Toolkit for Soloing: Q&A with Steve Postell

1.  When did you realize you were destined for a life in music?

Like many musicians my age, watching The Beatles on The Ed Sullivan Show as a young boy, and experiencing The Beatles music, in general, created a magical spell around music and the idea of creating it. But there were many other influences pushing me towards this somewhat crazy gypsy life. Growing up in New York City during a wildly creative time, I was just exposed to so much live music. From Segovia to Ravi Shankar, Duke Ellington to Doc Watson, Leonard Bernstein to The Mahavishnu Orchestra. Sometimes I feel it would have been more unlikely to NOT become a musician! But that said, there is one moment I remember very clearly that crystalized my path. I was 15, sitting in one of the beautiful boxes at Carnegie Hall, watching Van Morrison and his great band, many of whom lived and worked together around Woodstock, NY. I can distinctly remember looking down, watching the camaraderie and interplay on stage, soaking up the fabulous music and thinking; this is what I’m going to do. So I guess I blame The Beatles first, and then Van.

2.  Can you tell us what your most exciting moment on stage has been?

I have a band of called THE NIGHT TRAIN MUSIC CLUB which is essentially a collaborative project consisting of many incredible musicians in many different configurations. We often feature one or more guests and back them up as part of the show. A few years ago we played The Vancouver Island Music Fest. The guests in the first half of the show were Bernard Fowler (Rolling Stones), Vonda Shephard & Albert Lee. Then, after intermission, we backed up David Crosby. I’ll have to pick 2 moments, both from that set. The opening song was LONG TIME GONE, David begins the rhythm part, then I add a lead which brings in the band. That was pretty thrilling! Then midway through the night, David and I came to the front of the stage and sang a duet of James Taylor’s CLOSE YOUR EYES, backed by James Raymond on piano and Leland Sklar reprising his original bass part. Looking out at the many thousands of people, I knew they could not be enjoying this any more than I was. This was one of those special moments that make it all worth it.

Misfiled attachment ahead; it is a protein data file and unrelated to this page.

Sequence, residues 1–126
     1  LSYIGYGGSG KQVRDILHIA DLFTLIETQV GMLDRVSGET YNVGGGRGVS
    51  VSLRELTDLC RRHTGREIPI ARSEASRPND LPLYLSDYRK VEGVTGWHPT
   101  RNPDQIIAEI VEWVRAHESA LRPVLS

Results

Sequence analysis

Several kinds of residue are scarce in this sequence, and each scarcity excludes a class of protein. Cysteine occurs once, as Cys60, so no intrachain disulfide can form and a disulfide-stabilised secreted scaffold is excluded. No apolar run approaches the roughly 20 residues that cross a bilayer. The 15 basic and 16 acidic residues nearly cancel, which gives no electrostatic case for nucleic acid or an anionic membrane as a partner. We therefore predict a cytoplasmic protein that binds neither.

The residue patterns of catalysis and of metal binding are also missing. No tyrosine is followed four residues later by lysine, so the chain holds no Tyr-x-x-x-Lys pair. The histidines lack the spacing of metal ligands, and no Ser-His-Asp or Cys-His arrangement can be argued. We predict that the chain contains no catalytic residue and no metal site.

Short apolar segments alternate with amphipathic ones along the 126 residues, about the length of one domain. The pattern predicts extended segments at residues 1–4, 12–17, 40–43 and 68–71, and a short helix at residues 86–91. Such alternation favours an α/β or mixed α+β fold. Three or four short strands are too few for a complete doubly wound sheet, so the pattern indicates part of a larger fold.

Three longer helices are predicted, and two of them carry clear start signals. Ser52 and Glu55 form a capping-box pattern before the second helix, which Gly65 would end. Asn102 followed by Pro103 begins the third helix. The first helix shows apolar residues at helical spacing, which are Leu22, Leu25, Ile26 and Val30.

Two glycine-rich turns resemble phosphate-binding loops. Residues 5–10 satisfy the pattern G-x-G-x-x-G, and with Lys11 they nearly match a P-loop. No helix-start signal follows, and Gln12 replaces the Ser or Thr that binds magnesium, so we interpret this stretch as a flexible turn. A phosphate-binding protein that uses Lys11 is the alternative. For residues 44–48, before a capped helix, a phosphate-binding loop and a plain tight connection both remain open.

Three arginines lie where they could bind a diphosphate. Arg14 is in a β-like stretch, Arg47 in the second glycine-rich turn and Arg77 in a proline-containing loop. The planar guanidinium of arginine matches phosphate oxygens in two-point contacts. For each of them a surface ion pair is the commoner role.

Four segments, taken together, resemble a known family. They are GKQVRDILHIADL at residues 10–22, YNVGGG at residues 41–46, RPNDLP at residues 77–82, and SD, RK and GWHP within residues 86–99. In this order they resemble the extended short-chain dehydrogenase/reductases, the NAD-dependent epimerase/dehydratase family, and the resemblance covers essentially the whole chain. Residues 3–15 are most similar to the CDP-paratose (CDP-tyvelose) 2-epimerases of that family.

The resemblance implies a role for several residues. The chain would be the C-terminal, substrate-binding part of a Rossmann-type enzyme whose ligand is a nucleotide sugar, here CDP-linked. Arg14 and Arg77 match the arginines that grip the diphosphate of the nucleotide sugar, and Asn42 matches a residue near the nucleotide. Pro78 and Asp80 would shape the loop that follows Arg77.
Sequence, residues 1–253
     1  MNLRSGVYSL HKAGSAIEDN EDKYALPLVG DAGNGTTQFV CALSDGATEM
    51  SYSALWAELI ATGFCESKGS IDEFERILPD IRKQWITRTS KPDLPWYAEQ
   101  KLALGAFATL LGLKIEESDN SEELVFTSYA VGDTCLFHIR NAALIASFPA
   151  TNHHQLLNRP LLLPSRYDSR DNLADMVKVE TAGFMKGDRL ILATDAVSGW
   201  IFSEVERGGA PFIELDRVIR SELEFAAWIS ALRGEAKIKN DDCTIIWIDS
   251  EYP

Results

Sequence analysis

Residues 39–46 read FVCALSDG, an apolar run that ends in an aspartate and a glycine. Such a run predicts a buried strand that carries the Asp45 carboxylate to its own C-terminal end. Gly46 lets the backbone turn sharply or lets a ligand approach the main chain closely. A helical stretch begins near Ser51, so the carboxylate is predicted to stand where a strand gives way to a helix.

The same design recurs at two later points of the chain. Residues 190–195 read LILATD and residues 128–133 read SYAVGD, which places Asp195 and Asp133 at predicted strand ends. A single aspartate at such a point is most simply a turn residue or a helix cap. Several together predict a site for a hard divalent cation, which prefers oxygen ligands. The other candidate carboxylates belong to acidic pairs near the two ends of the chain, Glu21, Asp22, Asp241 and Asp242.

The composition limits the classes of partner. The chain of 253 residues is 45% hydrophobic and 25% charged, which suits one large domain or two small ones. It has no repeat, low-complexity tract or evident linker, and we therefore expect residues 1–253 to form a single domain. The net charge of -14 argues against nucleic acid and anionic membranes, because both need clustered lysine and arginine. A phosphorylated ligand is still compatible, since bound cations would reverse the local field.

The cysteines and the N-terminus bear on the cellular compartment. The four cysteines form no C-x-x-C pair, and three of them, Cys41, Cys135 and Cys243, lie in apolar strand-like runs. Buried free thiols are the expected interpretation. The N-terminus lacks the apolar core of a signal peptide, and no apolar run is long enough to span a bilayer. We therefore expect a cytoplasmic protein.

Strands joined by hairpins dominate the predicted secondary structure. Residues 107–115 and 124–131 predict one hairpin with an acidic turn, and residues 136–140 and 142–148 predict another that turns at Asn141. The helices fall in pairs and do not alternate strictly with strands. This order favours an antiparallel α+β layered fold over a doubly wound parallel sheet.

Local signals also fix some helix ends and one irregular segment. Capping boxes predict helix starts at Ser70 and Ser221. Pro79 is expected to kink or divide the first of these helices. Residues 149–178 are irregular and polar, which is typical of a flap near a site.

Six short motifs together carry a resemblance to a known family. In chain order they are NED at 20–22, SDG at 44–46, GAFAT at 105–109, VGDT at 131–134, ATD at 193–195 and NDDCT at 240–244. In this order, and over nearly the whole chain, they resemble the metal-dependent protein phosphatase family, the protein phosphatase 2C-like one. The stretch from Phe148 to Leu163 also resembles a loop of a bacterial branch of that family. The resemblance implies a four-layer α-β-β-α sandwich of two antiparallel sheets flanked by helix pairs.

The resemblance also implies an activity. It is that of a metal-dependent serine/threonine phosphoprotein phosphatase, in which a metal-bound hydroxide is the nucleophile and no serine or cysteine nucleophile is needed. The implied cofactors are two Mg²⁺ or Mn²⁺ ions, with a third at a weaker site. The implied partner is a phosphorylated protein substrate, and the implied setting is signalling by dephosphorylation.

3.  What will students learn in your classes?

Steve’s Toolkit For Soloing

I have taught the guitar for almost as long as I have played, and I think the question I am asked the most by students is whether I can teach them to solo, to improvise. A lot of people who play the guitar feel intimidated by the idea of ripping off a solo. But if you are musical at all, and have ever hummed or sang a melody, it is much easier than you think. Although my creative home base is the writing and singing of a song, I find there is nothing as freeing and expansive as closing my eyes and soloing over 8 or 16 bars to lift up the middle of a song. With some basic guitar skills and a little knowledge of chord structure, you can use the tools I have created to unlock your inner Hendrix. Once you start implementing them you will hear these same patterns and melodic shapes in classic solos from Clapton to B.B. King to Jimmy Page and Jimmy Hendrix. The idea is to see the entire neck in shapes and patterns so that regardless of where you go you will not play that “wrong” note. (Some artists like Miles Davis contend there is no such thing as a wrong note, but that is another story) With even just a few of these tools in your toolkit you can begin to jam along with other players, and the more you implement the deeper you can get. In addition to the scale and arpeggio patterns, we will look at the various expressive techniques that ultimately make the solo more voice-like in quality. These include vibrato, bends, slides, trills etc. By the end of these classes you may not be able to solo over Thelonius Monk changes, but you will have a path to solo over traditional music and begin to develop your own individual style.

Basic Music Theory – Chart Writing

Historically, songs in the folk, traditional, blues, and bluegrass traditions tend to be quite simple harmonically and rhythmically. The large majority of songs in these genres use the same 3 to 6 chords, and very basic rhythmic structures. But these forms can be limiting for contemporary songwriters and musicians. I strongly believe the more musical and theoretical tools you have, the greater the palette of choices and colors to express your artistic vision. The objective of this class is not to prepare you to write an atonal symphony, but to expand your understanding of chord structures, rhythmic and feel possibilities that you can use to bring more color to your music. With this knowledge, it becomes easier to get out of a box or a writing block. It really is as simple as giving you more options. We will analyze some of the great songs by artists like Stevie Wonder and The Beatles who explored more advanced forms. Then we will take your original songs and experiment with altering chords, changing temp, feel etc. In this class, we will also take a look at some essential tools needed to write a basic but comprehensive chart for your songs. Having a good chart for your songs is invaluable; you can always put it in front of a good musician and get through the tune with little or no rehearsal. I also think it helps organize your thoughts and have a stronger grasp on what your music is all about. You will leave this class with printed material that you can refer to after the camp and continue to learn these skills.

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